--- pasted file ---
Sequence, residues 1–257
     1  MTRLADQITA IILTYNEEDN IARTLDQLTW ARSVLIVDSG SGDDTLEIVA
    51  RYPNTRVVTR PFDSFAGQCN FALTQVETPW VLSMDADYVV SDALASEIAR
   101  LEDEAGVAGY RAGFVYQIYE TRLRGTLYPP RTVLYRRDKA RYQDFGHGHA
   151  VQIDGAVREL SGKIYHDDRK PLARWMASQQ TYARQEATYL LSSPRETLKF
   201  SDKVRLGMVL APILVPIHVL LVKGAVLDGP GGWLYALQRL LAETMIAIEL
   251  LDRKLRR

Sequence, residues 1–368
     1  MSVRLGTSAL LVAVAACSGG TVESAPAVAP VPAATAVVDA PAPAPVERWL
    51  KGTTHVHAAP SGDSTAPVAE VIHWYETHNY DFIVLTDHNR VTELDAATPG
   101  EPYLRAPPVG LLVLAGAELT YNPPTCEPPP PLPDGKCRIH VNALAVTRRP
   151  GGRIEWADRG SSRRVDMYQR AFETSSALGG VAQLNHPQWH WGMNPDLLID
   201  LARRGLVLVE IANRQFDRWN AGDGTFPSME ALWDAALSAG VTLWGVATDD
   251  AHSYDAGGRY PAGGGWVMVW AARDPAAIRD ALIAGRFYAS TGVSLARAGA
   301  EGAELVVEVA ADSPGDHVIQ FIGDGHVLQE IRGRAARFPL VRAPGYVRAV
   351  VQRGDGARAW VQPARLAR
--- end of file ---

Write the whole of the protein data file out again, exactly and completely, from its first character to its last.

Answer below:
Sequence, residues 1–257
     1  MTRLADQITA IILTYNEEDN IARTLDQLTW ARSVLIVDSG SGDDTLEIVA
    51  RYPNTRVVTR PFDSFAGQCN FALTQVETPW VLSMDADYVV SDALASEIAR
   101  LEDEAGVAGY RAGFVYQIYE TRLRGTLYPP RTVLYRRDKA RYQDFGHGHA
   151  VQIDGAVREL SGKIYHDDRK PLARWMASQQ TYARQEATYL LSSPRETLKF
   201  SDKVRLGMVL APILVPIHVL LVKGAVLDGP GGWLYALQRL LAETMIAIEL
   251  LDRKLRR

Sequence, residues 1–368
     1  MSVRLGTSAL LVAVAACSGG TVESAPAVAP VPAATAVVDA PAPAPVERWL
    51  KGTTHVHAAP SGDSTAPVAE VIHWYETHNY DFIVLTDHNR VTELDAATPG
   101  EPYLRAPPVG LLVLAGAELT YNPPTCEPPP PLPDGKCRIH VNALAVTRRP
   151  GGRIEWADRG SSRRVDMYQR AFETSSALGG VAQLNHPQWH WGMNPDLLID
   201  LARRGLVLVE IANRQFDRWN AGDGTFPSME ALWDAALSAG VTLWGVATDD
   251  AHSYDAGGRY PAGGGWVMVW AARDPAAIRD ALIAGRFYAS TGVSLARAGA
   301  EGAELVVEVA ADSPGDHVIQ FIGDGHVLQE IRGRAARFPL VRAPGYVRAV
   351  VQRGDGARAW VQPARLAR